- Most people in Uganda are subsistence farmers, trying to make a little profit from selling surplus food
- In Teso, the ‘salary’ of Anglican clergy depends on the parish giving. 50% of the giving goes to the diocese, 25% to the Parish Priest and the remaining 25% is divided between all the full time Lay Readers who have charge of a church each. Parish giving varies between about 20,000/- to 80,000/- a month. Clergy therefore get between about 8,000/- and 30,000/- a month (£2-£7).
- Primary school is now free for all, although not compulsory. However, parents still have to pay for school uniform, stationery and PTA fees, which is beyond many. Children may be required to stay at home to help look after animals and babies.
- Secondary school fees vary between about 120,000/- (in poor day rural schools) and 2,000,000/- a year in boarding schools – plus uniform, stationery, mattress etc. There is now free basic secondary education in some rural day schools. You can see, therefore, how much people struggle even to survive, let alone send children to secondary school. There are virtually no free medical services either.
- Don’t be offended if people (strangers or friends) ask you for financial help, especially for help with school fees or medical treatment. By comparison, we are so rich. Don’t worry about saying “no”. We have to accept that we can’t help everyone. If you want to respond, use a delaying tactic and take time to decide how much and always ask a Ugandan friend whom you trust and respect for advice – they often know the situation or can make further enquiries and can suggest what is reasonable.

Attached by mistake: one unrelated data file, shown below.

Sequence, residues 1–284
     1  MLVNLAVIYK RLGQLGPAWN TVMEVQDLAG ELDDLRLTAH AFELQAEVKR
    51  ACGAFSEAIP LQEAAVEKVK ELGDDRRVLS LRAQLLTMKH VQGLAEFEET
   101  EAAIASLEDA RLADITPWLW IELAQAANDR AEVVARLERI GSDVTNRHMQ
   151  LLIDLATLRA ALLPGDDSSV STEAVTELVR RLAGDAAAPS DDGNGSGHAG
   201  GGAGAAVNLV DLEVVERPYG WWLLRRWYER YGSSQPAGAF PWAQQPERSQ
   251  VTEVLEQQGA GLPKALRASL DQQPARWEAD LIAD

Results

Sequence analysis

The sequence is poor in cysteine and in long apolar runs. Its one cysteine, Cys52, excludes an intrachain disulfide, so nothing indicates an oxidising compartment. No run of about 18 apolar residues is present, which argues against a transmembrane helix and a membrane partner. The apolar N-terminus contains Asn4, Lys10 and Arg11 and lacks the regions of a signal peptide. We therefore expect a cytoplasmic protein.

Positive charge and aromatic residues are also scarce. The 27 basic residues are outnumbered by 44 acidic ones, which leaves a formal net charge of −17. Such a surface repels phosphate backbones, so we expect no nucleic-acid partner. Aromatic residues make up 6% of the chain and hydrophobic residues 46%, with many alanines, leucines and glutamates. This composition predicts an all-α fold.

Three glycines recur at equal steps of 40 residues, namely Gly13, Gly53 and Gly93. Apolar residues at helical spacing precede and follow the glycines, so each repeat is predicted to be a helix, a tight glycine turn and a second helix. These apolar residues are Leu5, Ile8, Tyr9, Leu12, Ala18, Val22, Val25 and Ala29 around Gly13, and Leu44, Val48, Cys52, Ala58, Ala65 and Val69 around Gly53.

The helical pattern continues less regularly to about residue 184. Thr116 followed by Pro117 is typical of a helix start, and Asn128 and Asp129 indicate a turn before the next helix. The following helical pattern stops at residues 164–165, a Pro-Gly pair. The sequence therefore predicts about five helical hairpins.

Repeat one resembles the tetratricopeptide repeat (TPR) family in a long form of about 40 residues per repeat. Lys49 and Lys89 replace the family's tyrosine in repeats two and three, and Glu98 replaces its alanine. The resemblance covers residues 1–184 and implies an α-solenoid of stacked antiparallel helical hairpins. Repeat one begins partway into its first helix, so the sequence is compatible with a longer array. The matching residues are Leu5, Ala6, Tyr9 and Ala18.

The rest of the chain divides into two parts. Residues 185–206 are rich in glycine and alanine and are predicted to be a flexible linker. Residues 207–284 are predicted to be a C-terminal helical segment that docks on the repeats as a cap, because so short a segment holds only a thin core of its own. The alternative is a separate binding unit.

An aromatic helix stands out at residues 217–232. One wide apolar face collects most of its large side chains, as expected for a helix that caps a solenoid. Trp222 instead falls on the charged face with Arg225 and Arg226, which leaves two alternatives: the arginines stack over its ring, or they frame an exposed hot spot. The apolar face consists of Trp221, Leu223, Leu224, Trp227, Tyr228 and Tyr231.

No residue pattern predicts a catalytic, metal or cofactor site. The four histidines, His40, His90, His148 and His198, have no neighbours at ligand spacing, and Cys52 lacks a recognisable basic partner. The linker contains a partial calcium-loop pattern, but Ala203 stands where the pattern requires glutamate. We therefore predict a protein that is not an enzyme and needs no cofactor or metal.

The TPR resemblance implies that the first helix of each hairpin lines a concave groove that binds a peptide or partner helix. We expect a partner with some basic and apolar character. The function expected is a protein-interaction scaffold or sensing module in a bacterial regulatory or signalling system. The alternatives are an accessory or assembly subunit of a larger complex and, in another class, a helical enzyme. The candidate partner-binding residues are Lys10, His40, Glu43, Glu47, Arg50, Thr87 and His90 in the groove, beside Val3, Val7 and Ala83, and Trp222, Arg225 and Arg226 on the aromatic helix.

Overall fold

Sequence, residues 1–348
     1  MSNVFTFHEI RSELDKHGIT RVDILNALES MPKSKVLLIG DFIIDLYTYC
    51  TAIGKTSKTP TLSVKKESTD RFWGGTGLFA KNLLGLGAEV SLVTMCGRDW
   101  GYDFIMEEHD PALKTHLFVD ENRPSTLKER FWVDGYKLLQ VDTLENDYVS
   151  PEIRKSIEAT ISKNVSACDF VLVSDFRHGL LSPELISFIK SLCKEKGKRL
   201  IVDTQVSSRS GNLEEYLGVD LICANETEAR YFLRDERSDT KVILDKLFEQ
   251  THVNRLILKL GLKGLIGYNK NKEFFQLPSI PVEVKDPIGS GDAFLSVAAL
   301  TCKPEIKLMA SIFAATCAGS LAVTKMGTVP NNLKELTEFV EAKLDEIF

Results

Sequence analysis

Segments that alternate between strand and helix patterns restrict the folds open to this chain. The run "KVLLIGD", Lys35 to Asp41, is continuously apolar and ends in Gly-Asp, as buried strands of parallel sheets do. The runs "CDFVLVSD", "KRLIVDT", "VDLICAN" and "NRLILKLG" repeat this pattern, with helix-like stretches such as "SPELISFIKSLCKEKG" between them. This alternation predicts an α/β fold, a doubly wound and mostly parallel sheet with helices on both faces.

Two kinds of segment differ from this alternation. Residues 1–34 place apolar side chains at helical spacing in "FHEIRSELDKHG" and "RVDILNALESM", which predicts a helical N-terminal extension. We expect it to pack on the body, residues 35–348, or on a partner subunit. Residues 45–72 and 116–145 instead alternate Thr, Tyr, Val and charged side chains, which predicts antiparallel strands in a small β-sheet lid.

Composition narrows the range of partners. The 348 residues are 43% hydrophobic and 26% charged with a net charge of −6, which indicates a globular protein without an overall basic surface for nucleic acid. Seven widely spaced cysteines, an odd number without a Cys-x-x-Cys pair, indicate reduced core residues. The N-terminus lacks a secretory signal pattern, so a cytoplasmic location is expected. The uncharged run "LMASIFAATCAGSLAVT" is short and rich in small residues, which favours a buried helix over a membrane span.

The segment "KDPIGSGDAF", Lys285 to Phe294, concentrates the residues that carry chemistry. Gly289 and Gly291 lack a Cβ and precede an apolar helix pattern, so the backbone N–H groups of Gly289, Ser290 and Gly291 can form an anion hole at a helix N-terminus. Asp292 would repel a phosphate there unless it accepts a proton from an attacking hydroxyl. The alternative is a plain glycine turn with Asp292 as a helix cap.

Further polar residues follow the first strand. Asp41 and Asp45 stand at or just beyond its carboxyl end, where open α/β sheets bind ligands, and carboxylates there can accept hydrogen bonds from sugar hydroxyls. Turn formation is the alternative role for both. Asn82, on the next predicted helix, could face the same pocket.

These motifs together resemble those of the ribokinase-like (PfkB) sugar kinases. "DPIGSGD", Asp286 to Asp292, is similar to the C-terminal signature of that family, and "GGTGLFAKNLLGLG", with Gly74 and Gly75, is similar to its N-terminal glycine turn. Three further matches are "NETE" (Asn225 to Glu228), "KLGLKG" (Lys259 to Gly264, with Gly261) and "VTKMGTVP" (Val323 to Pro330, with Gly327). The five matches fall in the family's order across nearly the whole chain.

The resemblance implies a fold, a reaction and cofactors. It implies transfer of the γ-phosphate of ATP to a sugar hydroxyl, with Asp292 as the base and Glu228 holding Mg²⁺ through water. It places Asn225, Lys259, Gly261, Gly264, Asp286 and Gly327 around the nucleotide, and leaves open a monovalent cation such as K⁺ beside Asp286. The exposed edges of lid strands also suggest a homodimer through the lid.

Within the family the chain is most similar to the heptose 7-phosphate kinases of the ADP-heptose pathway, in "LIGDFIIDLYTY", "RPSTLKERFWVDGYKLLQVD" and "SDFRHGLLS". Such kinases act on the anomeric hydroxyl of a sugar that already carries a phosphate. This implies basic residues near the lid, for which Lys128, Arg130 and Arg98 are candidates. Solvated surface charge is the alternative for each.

7. Cost of visiting Teso
As a very rough guide, I reckoned the total cost was about £1,400 for 2 weeks in Teso in April 2017. The more people who go in a group, or the longer you go for, the cheaper it is per person per day. This includes: Air ticket (based on a cost of about £700 – the cost varies a lot depending on the time of year), Ugandan visa, injections, malaria prophylaxis, cost of hiring a minibus and fuel for transport in Uganda, cost of accommodation (whether staying in a guest house, or giving the equivalent amount to a family you stay with for help with school fees), phone calls and internet, meals, drinking water etc. You may also want to take some extra money and/or small gifts to help those you meet who are in particular need – I find friends at home are very keen to give me money for this purpose, which is a great help.
8. Gifts and staying with families